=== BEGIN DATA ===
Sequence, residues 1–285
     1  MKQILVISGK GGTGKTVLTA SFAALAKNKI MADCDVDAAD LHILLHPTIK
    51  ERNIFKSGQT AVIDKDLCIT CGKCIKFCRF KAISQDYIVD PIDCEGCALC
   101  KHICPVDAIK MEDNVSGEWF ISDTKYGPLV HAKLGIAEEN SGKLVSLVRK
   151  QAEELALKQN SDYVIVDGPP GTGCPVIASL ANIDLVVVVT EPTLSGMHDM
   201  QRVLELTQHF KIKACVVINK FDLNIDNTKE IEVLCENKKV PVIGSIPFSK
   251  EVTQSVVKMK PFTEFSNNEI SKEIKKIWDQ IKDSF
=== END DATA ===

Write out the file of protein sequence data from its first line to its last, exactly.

Sequence, residues 1–285
     1  MKQILVISGK GGTGKTVLTA SFAALAKNKI MADCDVDAAD LHILLHPTIK
    51  ERNIFKSGQT AVIDKDLCIT CGKCIKFCRF KAISQDYIVD PIDCEGCALC
   101  KHICPVDAIK MEDNVSGEWF ISDTKYGPLV HAKLGIAEEN SGKLVSLVRK
   151  QAEELALKQN SDYVIVDGPP GTGCPVIASL ANIDLVVVVT EPTLSGMHDM
   201  QRVLELTQHF KIKACVVINK FDLNIDNTKE IEVLCENKKV PVIGSIPFSK
   251  EVTQSVVKMK PFTEFSNNEI SKEIKKIWDQ IKDSF